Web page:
One consequence of effectively holding each parameterization to a different standard is that the error associated with the more flexible parameterizations (PLTV, BETA) is larger than that associated with the less flexible one (PLTI), when we would expect the opposite to hold. This is particularly true given that PLTI represents a special case of both PLTV and BETA (when $k_{Q1}=k_{Q2}=k$ and when $\alpha=k, \beta=1$ respectively). However, as seen in Figure 2 the behavioral sets of BETA (and to a lesser extent PLTV) seem to include models that are considerably worse fits to the data than the worst models in the behavioral set of PLTI.
 To make meaningful comparisons between different parameterizations the analysis would need to be redone with a standard for 'behavioral' that is consistent across the different parameterizations. This might be as simple as choosing a cutoff value of KGE to define the behavioral set, but it would likely change the resulting conclusions about the merits of each parameterization.
# Minor issues
 Line 57: The gamma distribution has also seen some use
 Line 64: I don't think that the statement that $F_{yw}$ is useful for shortterm data is quite right, since the method does require data covering multiple cycles of sinusoidal variation to fit to reliably
 Line 111: $S_{T_0}$ is a function of age: $S_{T_0}(T)$
 Line 130: $k_{Q1}$ and $k_{Q2}$
 Table 2: Why are $k_{Q1}$ and $\alpha$ grouped together? Same with $k_{Q2}$ and $\beta$
 Line 188: Is $TT_{50}$ is the median of the *backward* transit time distribution $p_Q(T,t)$ as defined in equation (5)? In that case this statement is incorrect, and should be "the maximum time elapsed *since* the youngest 50% of the water in outflow first entered the catchment", or perhaps "the age that half the outflow is older than, and half younger than, as measured from the time it fell as precipitation".
 Figure 3: A legend explaining the colors and a reference to Table 1 would aid interpretation here
 Line 221: Parameters for the *SAS function* of $Q$...Citation: https://doi.org/10.5194/hess2022222RC1  AC1: 'Reply on RC1', Arianna Borriero, 09 Mar 2023

RC2: 'Comment on hess2022222', Anonymous Referee #2, 11 Jan 2023
Comments on “Uncertainty in water transit time estimation with StorAge Selection functions and tracer data interpolation” by Borriero et al.
In this study, the authors studied the uncertainty in transit time estimation. Two sources of uncertainty were considered: the assumed shape of the StorAge Selection (SAS) function (and the uncertainty in the associated parameters) and the interpolation scheme for the precipitation tracer data. The reported uncertainty is large, resulting in a 90% confidence interval between 286 – 895 days for the median transit time. The uncertainty was greater in dry conditions than in wet conditions. The uncertainty depended more on the SAS function parameterization and the temporal interpolation of the precipitation tracer data than the spatial interpolation of the precipitation tracer data. Importantly, the authors argued that it could be useful to utilize the young water fraction, F_{yw}, in estimating the SAS function parameters, as it could constrain the SAS function and reduce uncertainty.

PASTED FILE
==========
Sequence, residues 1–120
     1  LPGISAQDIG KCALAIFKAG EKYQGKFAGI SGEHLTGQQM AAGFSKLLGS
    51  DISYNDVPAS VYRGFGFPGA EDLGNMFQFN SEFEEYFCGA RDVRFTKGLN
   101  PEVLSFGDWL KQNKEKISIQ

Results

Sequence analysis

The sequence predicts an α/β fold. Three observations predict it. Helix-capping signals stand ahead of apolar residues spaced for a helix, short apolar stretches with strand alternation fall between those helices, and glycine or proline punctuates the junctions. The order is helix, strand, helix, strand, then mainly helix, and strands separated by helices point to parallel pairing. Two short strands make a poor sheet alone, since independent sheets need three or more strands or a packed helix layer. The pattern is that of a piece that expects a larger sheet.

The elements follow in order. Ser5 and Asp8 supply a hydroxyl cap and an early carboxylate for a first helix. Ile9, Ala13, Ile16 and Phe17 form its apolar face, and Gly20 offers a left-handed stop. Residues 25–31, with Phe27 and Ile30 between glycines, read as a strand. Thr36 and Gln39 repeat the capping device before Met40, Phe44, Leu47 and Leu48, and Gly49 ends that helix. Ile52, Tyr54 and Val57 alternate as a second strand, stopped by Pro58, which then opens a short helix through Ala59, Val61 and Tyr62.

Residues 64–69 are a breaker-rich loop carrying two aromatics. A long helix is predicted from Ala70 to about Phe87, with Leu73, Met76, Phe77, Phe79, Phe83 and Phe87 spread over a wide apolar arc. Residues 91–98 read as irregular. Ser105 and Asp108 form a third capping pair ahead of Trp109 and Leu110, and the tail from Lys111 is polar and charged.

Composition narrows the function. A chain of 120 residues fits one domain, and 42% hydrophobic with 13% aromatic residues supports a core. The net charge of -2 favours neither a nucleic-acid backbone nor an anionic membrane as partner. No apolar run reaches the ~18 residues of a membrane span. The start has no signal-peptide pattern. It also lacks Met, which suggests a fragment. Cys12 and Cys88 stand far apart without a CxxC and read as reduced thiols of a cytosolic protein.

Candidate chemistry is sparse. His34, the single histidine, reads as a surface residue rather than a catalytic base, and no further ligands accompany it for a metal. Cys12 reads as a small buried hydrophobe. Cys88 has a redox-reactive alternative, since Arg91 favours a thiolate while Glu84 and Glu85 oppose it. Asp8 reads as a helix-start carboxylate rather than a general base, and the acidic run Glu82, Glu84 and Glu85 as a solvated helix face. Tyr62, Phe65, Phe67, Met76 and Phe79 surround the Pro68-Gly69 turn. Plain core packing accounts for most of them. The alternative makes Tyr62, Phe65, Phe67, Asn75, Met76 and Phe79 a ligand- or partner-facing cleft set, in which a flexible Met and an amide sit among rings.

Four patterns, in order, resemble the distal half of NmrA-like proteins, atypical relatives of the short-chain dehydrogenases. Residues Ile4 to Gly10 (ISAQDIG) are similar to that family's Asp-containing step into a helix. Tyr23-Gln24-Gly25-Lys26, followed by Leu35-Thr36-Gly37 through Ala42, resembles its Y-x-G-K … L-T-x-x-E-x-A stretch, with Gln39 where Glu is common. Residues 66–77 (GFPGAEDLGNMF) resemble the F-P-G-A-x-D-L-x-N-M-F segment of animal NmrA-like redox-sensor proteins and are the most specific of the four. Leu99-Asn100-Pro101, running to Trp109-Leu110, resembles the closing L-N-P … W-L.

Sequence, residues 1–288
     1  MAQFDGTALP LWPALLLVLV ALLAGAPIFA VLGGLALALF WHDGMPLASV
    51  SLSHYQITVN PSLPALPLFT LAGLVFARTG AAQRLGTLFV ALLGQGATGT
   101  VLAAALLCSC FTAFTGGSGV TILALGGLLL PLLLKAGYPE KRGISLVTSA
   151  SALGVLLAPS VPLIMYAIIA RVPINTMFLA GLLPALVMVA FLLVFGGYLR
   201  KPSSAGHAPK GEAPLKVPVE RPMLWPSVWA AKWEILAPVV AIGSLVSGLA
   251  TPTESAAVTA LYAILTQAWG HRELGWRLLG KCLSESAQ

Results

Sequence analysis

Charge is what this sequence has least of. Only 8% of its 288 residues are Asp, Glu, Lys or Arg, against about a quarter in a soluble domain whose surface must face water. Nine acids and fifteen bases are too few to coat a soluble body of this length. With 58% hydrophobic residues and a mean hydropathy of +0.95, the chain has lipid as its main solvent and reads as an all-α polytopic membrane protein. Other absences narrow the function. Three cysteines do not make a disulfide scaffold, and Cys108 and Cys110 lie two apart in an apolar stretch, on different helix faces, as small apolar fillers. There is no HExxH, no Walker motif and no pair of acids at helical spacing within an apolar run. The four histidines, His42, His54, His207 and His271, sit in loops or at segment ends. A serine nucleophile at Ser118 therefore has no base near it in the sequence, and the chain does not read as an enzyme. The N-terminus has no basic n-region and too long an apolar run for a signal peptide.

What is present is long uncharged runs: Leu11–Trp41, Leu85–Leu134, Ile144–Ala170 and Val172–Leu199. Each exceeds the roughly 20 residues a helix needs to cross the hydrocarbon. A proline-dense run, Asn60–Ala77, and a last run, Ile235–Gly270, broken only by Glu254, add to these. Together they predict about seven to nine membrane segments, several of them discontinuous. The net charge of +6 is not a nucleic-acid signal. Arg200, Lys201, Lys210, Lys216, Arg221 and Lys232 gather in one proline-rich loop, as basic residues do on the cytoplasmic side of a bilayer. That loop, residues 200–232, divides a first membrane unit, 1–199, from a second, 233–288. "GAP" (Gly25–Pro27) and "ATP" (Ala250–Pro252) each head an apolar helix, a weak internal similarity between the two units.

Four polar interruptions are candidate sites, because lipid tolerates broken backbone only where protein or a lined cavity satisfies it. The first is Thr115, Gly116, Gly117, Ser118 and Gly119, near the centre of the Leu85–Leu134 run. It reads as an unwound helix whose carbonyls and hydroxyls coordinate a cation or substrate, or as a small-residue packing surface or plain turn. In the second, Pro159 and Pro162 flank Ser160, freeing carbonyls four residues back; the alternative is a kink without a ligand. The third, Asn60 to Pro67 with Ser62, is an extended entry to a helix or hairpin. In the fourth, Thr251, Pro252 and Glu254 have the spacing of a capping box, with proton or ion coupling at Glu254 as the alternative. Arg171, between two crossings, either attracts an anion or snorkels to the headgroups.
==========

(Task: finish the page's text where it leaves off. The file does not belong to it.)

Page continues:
Though understanding the uncertainty in the SAS function and transit time is important, it is unclear what readers could learn from this manuscript in its present form other than the summarized results above for the specific catchment. As the results were not discussed enough in detail, it is not easy to think about their implications (see major comment 1). The suggestion of using the young water fraction in the SAS function estimation is interesting, but the authors’ argument regarding using it must be more convincing (see major comment 2). In addition, some additional potential sources of uncertainty should be considered or mentioned explicitly (see my major comment 3). Recent advances in estimating transit should be mentioned (see my major comment 4). Thus, I think a significant revision is required before this manuscript can be considered for publication in HESS again.